2014 Cane and Fable Cabernet 373

We first discovered this wine on a trip to Solvang and Los Olivos in Santa Barbara County. Then the winery was called Cane & Fable but they have rebranded as The Fableist. Either way, the wine is quite recognizable because of the grasshopper on the label.

The 2014 The Fableist (Cane & Fable) Cabernet Sauvignon 373 ($23) is produced in Paso Robles and drinks like a Napa Cabernet at more than twice the price. This gem of a wine is a real bargain and could absolutely be a great choice for a red house wine.

I love the description by the winemaker:

“Every little sip leaves you comfortable, content and just feelin’ lucky.”

We did, indeed, feel lucky to have had the opportunity to try so many great wines at Binny’s. And, hopefully, our research will give you a few suggestions for new wines to try.

Do you have any new favorites to share with me?


Please note:

  • I received no compensation from Binny’s or the wineries. The wine tasting was complimentary for anyone with a Binny’s loyalty card.
  • The prices listed are Binny’s. You should be able to find these wines at your local stores but the price may vary.

Designated driver, Uber or cab

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What Is Your House Wine?

Hi folks! Today let’s talk about choosing your very own house wine.

How to choose your house wineA house wine is your “go to” bottle of choice: the wine that you know you enjoy drinking, is at a price point you are comfortable with and one you don’t mind sharing with others.

It’s the reliable wine you always have on hand and can pull out and serve without a second thought.

Consider these factors:

Price point

Determining a price range is a good place to start.

Some people choose “4 Buck Chuck” as their house wine.  They are delighted with the cost and happily stock up on cases of Charles Shaw wines at Trader Joe’s.

On the other end of the spectrum super oenophiles, lovers of all things fine in the wine department, would rather pass (literally, as in they’d rather die) than drink “cheap” wine.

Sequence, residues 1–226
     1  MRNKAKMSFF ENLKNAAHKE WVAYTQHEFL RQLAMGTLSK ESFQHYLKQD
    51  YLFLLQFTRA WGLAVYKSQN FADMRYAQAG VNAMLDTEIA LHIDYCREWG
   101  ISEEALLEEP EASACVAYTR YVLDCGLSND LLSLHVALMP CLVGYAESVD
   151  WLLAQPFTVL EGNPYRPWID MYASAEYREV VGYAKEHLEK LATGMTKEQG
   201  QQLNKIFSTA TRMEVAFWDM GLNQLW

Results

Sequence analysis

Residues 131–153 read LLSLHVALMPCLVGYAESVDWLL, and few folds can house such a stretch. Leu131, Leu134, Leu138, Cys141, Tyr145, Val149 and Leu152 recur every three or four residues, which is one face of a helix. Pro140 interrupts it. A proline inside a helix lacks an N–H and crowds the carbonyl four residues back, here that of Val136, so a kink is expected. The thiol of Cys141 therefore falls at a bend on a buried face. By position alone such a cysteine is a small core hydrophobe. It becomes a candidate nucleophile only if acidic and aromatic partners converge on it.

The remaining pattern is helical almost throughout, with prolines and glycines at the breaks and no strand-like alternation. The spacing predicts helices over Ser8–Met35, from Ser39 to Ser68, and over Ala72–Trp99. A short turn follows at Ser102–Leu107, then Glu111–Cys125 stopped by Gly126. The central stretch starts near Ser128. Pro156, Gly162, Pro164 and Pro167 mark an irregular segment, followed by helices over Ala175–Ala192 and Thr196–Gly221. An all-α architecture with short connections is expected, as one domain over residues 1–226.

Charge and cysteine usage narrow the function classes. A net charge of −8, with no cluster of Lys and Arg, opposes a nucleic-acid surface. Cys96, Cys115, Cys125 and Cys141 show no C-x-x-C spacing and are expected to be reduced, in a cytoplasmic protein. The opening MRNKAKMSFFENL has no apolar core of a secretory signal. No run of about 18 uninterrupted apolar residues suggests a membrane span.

Most of us fall somewhere in the middle.

In deciding what you are comfortable with, think about a price you would be willing to spend on a bottle of wine for a random Tuesday night dinner.

Your house wine should be your everyday wine, not necessarily your “special occasion/using the fancy china” wine.

Pick A Type

Pinot Noir is a great choice for a red house wine. It pairs really well with most foods from meat to fish. There are lots of Pinot Noirs out there at virtually every price point.

Many wineries make a red blend. They take several different types of grapes (Cabernet, Merlot, Zinfandel, Malbec, Syrah, etc.) and combine them in one way or another to create something new.

Red blends go by all sorts of names. You might see Proprietary Red, some clever signature name chosen by the winery or simply Red Blend.

Choosing a red blend as your house wine might be the perfect way to please all and to expand your wine repertoire.

If you are going with white wine, you might choose a Pinot Grigio or Chardonnay. Both quite popular; they are wines that people know and understand.

Pinot Grigio is light and easy to drink. Many people think of it as a summer wine to be consumed ice cold on a hot day. That’s an excellent plan but Pinot Grigio can also be a great year-round option for those looking for an alternative to the ubiquitous Chardonnay.

I used to think I didn’t like Chardonnay. But I started forcing myself (it’s a tough job, right?) to try selections from different wineries and different countries and found I have a preference for certain styles and flavor profiles.

I prefer French Chardonnay

How about other white wine options?

What about a Viognier as your house wine? Viognier is like the white wine version of Pinot Noir in that it pairs very well with a variety of foods and drinks well on its own.